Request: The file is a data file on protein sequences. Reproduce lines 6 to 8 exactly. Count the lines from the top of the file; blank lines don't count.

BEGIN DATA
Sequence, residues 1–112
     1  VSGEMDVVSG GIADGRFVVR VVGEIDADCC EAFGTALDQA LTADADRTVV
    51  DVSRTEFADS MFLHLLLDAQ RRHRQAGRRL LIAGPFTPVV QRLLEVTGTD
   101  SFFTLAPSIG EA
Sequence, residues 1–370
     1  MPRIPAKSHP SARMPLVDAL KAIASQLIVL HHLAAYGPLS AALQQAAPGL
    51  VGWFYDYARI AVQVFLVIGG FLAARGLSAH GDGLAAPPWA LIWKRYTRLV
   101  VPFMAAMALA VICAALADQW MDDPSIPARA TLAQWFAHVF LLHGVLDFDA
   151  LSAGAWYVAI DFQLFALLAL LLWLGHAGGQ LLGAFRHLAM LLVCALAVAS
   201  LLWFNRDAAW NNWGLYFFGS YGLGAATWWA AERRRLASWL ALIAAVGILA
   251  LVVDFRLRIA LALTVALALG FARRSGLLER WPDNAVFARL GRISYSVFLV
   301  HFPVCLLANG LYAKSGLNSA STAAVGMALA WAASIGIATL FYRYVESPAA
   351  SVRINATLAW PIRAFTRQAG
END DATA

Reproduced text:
     1  MPRIPAKSHP SARMPLVDAL KAIASQLIVL HHLAAYGPLS AALQQAAPGL
    51  VGWFYDYARI AVQVFLVIGG FLAARGLSAH GDGLAAPPWA LIWKRYTRLV
   101  VPFMAAMALA VICAALADQW MDDPSIPARA TLAQWFAHVF LLHGVLDFDA